“So what I’m mainly interested in in those airplanes is their reliability and maintainability and their ruggedness,” General Shaud declared. “You’ve got to remember that what I’m going to be doing with them is smoothing out the runways of central Texas—a lot more takeoffs and landings than many of the business jet manufacturers had in mind.”
Acquiring the TTBs in a program that the Air Force has approved “will free up at least half of our T-38s” to join the rest of the command’s T-38s as advanced trainers for fighter pilots, said General Shaud. After that, the next order of business will be to replace the T-37s.
“We don’t need to replace the T-37s and the T-38s all at once,” he said.
The life-extension upgrading of the T-37s now in process “will give them another 18,000 hours,” he said, thus matching the hours they have already amassed, and “will enable us to make an easy transition from them to their replacements between 1995 and 2000.”
Meanwhile, he said, he is convinced that “the T-37 is a very safe airplane—the only cracks I’ve seen are oxidation cracks aft of the canopy—and we intend to keep it that way through the Service Life Extension Program.”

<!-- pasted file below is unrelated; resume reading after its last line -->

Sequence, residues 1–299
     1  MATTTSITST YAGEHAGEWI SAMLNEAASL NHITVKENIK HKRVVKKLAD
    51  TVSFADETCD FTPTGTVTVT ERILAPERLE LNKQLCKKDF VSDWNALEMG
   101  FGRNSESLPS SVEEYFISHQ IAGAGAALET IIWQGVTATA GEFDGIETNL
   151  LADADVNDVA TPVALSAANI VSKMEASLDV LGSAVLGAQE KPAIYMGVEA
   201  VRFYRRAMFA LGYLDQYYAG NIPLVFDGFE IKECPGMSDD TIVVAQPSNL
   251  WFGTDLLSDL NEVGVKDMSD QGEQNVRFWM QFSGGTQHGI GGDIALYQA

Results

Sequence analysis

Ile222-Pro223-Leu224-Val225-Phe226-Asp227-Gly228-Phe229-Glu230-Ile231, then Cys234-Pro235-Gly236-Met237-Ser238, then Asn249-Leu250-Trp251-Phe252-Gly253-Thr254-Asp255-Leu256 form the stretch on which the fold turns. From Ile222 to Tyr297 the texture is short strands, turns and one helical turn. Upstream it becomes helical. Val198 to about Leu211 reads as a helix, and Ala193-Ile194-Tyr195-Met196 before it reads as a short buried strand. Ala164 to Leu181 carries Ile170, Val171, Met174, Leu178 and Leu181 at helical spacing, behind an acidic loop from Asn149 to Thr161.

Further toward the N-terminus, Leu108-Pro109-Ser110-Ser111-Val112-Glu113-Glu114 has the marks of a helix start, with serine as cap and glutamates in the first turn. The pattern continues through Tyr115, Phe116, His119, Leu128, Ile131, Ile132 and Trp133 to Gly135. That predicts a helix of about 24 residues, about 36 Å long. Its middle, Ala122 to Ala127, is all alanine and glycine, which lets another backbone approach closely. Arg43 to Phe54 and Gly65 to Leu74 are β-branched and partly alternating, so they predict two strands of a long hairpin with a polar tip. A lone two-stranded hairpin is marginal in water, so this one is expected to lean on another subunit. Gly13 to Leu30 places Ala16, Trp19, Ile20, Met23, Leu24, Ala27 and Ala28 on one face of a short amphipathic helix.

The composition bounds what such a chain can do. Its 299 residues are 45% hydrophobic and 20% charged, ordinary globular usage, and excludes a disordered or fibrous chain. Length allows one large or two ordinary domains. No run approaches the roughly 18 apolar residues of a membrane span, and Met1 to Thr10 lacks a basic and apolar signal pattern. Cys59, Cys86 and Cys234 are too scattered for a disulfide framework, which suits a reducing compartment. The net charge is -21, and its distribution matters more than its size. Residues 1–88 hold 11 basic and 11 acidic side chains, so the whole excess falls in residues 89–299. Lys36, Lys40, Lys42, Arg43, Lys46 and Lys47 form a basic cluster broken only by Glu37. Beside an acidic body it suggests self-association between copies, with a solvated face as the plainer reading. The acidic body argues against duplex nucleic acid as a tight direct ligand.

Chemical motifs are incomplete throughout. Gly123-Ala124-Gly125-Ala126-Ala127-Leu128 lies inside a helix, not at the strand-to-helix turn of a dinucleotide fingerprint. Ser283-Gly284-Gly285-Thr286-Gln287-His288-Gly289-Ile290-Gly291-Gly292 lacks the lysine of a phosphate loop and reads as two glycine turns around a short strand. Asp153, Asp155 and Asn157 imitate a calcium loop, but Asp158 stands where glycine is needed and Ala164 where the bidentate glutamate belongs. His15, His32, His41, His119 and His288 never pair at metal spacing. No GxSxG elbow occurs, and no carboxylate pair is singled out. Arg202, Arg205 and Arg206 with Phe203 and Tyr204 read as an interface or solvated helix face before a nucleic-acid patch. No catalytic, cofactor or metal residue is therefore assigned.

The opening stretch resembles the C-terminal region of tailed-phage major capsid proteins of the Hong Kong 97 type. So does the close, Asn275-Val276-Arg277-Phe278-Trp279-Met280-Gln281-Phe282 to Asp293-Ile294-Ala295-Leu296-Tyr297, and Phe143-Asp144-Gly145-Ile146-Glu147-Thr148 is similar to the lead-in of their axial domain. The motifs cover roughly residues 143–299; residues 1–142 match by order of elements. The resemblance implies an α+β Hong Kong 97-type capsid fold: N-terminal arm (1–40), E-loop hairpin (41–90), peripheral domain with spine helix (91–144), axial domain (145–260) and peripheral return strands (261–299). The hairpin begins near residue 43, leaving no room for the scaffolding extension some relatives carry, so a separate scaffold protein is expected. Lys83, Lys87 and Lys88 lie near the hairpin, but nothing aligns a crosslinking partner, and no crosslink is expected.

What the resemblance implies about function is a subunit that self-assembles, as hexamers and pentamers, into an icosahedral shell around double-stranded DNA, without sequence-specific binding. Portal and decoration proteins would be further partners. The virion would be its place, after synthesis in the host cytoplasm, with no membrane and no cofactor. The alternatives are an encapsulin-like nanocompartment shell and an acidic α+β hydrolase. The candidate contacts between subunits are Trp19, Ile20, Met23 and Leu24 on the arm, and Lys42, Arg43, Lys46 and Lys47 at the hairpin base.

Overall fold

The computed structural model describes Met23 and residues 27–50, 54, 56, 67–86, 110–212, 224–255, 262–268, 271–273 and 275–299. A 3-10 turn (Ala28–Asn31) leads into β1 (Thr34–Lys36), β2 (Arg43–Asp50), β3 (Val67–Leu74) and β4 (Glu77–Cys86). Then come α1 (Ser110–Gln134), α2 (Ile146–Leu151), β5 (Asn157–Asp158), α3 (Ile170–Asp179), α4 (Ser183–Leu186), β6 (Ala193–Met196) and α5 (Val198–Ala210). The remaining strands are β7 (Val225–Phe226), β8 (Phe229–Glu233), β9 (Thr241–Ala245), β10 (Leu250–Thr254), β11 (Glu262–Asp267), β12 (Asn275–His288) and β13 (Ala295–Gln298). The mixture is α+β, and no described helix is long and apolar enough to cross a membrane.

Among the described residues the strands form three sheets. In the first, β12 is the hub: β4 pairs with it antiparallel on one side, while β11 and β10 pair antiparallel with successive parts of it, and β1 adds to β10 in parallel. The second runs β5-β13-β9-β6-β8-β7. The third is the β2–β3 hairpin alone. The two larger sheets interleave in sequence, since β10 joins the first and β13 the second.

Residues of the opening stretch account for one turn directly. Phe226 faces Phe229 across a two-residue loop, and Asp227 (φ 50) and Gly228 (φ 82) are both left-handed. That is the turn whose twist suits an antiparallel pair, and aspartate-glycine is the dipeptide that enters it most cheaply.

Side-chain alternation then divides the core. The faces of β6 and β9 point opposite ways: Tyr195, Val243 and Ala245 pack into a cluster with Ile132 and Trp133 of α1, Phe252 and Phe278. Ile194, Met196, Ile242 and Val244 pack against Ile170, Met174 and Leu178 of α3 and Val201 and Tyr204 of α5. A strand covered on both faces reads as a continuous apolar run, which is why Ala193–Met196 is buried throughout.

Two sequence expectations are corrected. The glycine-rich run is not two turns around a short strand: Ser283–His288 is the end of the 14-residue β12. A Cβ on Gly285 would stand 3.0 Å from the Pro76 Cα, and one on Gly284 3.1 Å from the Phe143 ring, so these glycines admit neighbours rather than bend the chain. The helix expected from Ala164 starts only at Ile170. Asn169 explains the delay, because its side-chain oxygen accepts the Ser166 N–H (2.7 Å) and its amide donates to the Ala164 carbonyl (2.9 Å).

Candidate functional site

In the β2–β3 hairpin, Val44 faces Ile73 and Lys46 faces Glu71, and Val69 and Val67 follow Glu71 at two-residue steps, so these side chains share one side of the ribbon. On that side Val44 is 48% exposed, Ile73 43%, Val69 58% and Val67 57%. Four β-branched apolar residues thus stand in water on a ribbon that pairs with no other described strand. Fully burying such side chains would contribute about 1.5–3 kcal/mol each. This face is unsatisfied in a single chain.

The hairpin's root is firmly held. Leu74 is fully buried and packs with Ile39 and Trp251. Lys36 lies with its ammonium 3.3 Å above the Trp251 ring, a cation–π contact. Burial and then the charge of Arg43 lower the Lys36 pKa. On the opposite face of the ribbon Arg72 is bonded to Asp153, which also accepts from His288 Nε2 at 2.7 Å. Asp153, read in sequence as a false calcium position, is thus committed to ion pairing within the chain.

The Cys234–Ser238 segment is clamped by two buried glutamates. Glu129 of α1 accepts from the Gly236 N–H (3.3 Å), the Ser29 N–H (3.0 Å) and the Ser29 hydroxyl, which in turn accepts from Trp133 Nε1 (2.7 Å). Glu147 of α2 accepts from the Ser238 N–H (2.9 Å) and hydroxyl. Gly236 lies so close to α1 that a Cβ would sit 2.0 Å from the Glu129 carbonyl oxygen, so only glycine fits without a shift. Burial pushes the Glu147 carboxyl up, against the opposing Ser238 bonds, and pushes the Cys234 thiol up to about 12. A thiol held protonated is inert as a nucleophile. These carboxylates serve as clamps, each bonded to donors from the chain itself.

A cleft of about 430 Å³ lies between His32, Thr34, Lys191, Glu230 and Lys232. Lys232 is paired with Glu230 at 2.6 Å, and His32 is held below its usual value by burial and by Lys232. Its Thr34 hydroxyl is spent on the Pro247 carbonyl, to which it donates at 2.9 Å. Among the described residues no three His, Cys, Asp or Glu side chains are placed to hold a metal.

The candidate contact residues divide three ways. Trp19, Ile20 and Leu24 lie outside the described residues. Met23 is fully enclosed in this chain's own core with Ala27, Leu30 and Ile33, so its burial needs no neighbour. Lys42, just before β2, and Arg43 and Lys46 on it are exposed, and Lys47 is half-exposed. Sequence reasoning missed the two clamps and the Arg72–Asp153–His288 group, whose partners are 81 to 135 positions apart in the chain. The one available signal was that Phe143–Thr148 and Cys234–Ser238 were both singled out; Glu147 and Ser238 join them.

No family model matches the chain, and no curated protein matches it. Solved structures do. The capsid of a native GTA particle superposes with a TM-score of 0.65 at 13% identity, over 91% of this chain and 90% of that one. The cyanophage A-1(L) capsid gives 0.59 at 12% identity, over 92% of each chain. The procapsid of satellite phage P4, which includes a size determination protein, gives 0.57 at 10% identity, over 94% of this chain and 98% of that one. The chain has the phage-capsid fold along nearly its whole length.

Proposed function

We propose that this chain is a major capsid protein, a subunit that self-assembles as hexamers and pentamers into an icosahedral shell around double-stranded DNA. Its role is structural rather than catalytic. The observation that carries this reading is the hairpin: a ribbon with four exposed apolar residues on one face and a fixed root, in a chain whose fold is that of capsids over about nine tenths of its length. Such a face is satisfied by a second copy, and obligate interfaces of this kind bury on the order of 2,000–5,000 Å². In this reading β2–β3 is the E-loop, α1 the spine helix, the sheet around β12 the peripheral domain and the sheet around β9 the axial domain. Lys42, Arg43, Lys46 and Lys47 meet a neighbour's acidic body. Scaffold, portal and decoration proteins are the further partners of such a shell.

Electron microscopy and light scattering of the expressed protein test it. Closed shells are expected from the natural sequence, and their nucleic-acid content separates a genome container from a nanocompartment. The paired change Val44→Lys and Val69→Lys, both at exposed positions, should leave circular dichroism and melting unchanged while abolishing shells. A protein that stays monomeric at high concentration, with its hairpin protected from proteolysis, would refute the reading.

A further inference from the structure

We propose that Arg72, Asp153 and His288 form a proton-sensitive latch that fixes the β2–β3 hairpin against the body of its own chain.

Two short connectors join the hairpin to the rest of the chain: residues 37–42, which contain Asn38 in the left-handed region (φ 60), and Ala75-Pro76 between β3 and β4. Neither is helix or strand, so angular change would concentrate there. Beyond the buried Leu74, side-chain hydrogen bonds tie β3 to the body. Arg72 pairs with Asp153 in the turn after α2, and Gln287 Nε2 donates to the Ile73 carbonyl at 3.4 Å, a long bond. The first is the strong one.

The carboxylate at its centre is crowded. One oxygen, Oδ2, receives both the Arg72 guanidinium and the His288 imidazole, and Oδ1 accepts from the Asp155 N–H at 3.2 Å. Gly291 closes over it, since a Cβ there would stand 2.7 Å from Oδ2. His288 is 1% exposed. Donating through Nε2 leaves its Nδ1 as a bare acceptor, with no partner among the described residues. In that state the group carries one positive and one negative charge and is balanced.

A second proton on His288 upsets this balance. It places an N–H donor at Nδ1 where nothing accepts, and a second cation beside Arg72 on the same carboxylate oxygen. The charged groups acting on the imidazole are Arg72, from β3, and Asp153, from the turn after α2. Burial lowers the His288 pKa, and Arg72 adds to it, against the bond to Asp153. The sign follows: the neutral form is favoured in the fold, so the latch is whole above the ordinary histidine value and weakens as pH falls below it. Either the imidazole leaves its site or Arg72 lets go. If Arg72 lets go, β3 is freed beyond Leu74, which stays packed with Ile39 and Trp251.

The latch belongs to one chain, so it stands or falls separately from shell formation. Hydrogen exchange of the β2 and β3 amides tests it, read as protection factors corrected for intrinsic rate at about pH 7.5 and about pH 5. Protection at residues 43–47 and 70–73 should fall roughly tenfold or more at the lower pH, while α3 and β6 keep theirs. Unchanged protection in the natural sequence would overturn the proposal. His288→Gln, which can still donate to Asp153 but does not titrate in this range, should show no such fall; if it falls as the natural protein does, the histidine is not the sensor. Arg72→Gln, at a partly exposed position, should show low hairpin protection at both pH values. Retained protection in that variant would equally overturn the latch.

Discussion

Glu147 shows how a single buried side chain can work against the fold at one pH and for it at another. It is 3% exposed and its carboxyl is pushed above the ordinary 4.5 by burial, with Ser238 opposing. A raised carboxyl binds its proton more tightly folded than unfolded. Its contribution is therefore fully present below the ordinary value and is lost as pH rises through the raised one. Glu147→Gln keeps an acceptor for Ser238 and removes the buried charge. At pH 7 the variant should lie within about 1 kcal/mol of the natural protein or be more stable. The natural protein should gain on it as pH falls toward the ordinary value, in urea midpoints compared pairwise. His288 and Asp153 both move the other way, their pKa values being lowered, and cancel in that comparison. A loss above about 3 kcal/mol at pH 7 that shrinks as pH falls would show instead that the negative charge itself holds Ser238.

General Shaud also predicted that the trainer that eventually replaces the T-37 “will look suspiciously like the T-37” and, in his opinion, will have “the side-by-side seating” that the Air Force believes is best for primary training. Such seating is “particularly useful for communicating with brand-new students or foreign students” and for such moves on the part of instructors as “reaching over and grabbing the oxygen mask.”
Current plans call for replacing the T-38s “past the year 2000,” he said, adding: “I love the T-38. If you can handle a T-38, you can handle any airplane in the Air Force inventory, and that’s not bad.” Even so, he said, “there are a couple of things I do not like about it,” and one of them is that “you can’t see from the back seat in a no-flaps landing, which can get very exciting at night.”
General Shaud was asked for his opinion on the McDonnell Douglas/British Aerospace Hawk trainer now being bought by the US Navy.